Maestro from Modena vs. Top Lady Chef from Taichung

Maestro from Modena vs. Top Lady Chef from Taichung

Each infusing culture and wit, both are sublime. A look at Lanshu Chen from Taichung and Massimo Bottura and comparison of two of their meals

obsessedwithnoodles  obsessedwithnoodles  on 6 Jan '16

Top photo credit: Le Mout

I must confess this piece is not particularly helpful for those looking for a cosy hang out place in Hong Kong this weekend. Recently I had a delightful dinner with Lanshu Chen (La Mout in Taiwan) a guest chef at a private event in Hong Kong, a familiar name in the territory being Asia’s best female chef with a number of accolades under her belt and not too long ago she was guest chef at the Ritz Carlton. Chef Chen's dinner stirred up some memories of a lunch I had some time back at the famed Massimo Bottura's Osteria Francescana in Italy, when he was not quite as well known as he is now (still then a two-starred establishment). Taichung and Modena are two establishments that could not be further apart but the two restaurants are both respectively on Asia’s 50 best and the world’s 50 best three star restaurants, saying they are well worth a detour if one is venturing further afield and that their dishes are truly epic.

It is hard to cook, as is often said, in someone else's kitchen. Chef Chen did just that and two exquisite dishes have stuck with me ever since. She has long honed her skills in French cooking at Le Cordon Bleu and under the wings of master chefs in Paris. Her cooking is from the French classic school spiced up with her own take on all of it. The starter was a foie gras royale, not the standard interpretation but a luscious warm, deep, mellow, thick liquid of foie gras espresso (with hints of marsala and kumquat in the background). It was so intense none of us spoke for awhile to let the “espresso” sink in. This sounds a trifle pretentious but such was the effect. Small and spectacular, my somewhat restrained imagination has not contemplated foie gras being served in any form other than terrine-like, and more importantly it was truly delicious.


The next revelation was the dessert. It was simply named Nympheas, and forgive my ignorance, it immediately conjured up a picture of nymphs in a pond (it is actually a botanical name for the water lily). Low and behold the plate was presented and it resembled literally Monet's Water Lilies series. The Monet inspiration is essentially translated to a cold elderflower syrupy concoction with tofu fa, wolfberries, sago and other good stuff sitting languidly that strangely conveyed a sense of calm. It was visually stunning (the photo does it injustice), art meets cuisine, and the taste was incredibly refreshing with the sago and tofu texture complementing the flowery sweetness. The dessert’s Chinese take is a striking contrast with the Western starter and to think one so young could be inspired to do all of this! It is also gratifying to see tofu and wolfberries, both traditional Chinese staples featured in the world of “haute cuisine”.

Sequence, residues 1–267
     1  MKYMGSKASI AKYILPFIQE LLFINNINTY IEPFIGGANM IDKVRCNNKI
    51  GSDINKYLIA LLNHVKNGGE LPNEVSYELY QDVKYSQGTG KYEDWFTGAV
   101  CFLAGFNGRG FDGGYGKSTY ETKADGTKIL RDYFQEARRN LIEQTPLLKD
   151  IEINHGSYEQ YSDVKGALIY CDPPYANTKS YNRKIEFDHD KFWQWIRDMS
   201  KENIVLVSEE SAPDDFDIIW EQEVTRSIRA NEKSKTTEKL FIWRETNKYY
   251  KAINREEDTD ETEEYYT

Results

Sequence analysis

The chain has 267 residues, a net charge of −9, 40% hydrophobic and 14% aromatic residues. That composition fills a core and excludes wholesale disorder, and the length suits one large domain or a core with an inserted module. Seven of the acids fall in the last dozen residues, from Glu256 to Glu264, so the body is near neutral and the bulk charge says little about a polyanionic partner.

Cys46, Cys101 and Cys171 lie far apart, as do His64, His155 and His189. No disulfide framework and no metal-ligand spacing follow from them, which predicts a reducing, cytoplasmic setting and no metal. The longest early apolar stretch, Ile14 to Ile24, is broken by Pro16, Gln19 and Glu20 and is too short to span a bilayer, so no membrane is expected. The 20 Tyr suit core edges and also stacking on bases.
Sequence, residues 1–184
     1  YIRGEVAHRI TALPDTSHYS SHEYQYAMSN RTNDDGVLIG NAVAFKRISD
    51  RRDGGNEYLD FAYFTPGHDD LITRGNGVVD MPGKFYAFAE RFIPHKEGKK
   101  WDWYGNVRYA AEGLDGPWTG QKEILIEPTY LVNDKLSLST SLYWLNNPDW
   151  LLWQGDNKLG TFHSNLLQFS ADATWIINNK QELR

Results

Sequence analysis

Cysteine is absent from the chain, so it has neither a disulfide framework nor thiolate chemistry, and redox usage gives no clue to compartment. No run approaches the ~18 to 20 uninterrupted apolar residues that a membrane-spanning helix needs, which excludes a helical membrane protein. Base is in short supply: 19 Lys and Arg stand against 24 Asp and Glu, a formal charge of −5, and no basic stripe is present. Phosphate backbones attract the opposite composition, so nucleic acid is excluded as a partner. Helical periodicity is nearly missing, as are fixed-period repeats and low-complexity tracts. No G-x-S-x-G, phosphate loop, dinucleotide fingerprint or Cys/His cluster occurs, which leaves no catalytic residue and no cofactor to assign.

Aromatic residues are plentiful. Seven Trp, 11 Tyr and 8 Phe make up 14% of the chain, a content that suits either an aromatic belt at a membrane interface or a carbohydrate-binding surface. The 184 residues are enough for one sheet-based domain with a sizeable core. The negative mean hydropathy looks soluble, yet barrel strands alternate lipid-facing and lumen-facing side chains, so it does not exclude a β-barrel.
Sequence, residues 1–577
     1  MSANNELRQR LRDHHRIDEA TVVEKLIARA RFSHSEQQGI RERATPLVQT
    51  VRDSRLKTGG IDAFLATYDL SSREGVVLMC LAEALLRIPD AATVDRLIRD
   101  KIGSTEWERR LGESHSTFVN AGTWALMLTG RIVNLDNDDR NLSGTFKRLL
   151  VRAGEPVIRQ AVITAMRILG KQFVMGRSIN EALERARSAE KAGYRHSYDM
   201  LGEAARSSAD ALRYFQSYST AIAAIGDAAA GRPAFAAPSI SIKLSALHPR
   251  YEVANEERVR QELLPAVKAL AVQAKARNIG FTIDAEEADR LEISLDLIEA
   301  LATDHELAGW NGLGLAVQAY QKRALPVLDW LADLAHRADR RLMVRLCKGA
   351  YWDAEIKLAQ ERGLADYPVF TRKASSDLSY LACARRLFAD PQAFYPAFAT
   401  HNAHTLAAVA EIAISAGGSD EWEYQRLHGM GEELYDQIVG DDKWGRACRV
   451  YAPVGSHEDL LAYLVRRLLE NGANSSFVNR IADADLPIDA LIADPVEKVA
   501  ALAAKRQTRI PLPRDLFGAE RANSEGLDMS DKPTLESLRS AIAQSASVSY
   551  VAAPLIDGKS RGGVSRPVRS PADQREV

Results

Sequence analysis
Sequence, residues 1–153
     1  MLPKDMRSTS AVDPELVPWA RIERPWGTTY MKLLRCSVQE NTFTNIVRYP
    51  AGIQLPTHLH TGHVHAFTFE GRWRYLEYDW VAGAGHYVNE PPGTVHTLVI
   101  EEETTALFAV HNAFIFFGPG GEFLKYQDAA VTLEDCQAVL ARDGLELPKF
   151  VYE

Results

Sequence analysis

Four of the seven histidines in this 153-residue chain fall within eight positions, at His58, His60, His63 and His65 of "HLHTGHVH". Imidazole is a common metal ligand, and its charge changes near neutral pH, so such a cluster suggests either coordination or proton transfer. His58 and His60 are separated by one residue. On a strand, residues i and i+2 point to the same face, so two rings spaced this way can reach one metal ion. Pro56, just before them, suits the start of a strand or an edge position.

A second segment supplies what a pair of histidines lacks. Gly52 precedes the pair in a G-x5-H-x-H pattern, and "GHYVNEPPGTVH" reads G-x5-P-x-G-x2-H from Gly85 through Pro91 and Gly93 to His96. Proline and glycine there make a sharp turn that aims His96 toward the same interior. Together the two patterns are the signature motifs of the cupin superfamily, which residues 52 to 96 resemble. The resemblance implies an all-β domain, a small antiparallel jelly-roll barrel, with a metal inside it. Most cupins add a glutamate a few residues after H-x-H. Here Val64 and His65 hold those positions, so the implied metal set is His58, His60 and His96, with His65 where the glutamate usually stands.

Just why would all that make me draw parallels with Massimo Bottura? I am in awe with both chefs’ immense creativity that underlies their food (his “camouflage” dish is known to be inspired by Picasso). Within the ancient walls of Modena, Osteria Francescana has a modern decor. While the tortellini en brodo was intense in flavour (in my humble opinion up against any tortellini I infinitely prefer our own wonton), the desserts left a huge impression on me and may partly be why Chef Bottura has been known for having reinvented Italian food.

Deconstructed zuppa inglese

I had the zuppa inglese, the story has it that the grand dukes in the Emilia-Romagna region fell in love with trifles on a visit to the English courts and asked for it to be at home (aptly named “English soup”). Much like the English trifle, this dessert ordinarily consists of layers of custard, cream, sponge cake soaked in liqueur and fruits. Such is what I was expecting. The maestro, however, deconstructed the entire zuppa inglese into its own elements covered under a jelly-like canopy. It had quite a seismic effect on me, my palate is really not so sophisticated, and processing a traditional trifle is altogether different when they are individually singled out. The concept of “deconstruction” has since cast new perspectives for me.

A more astonishing construction came next. My memory is slightly hazy and I could not recall the name but I do remember that the idea is that the dessert resembles beer. I was at once intrigued, because not only am I very fond of beer but how on earth could it be transpired to a sweet dish? The brick-like structure came along with light beige ice-cold foie gras (think barley) sandwiched between liqueur-soaked yellow sponge cakes topped with three-finger foam, that of course tasted bitter (think beer)! I much admired the very wit of it! The taste was more savoury than sweet, an intellectual force trumping my rigid state of mind, while the meaning of dessert and food has taken a new turn for me.

Macaron with foie gras and white truffle

It is no surprise then the foie gras continues to feature prominently in Chef Bottura’s sweets. I read that on an occasion, when Prime Minister Matteo Renzi hosted President Hollande for dinner at none other than Osteria Francescana, the dessert served was macaron with foie gras and white truffle. Italy meets France, a bridge of culture and cuisine, to me a significant mark of a chef’s vision of the world perhaps, and undoubtedly a great deal of good it has done to the world of diplomacy.

Osteria Francescana


This post was created by a Foodie community contributor, where anyone can post their opinions and thoughts. Views represented are not affiliated with Foodie or our Partners. =)



food snob...not really...but the bar is set high.

share the ♥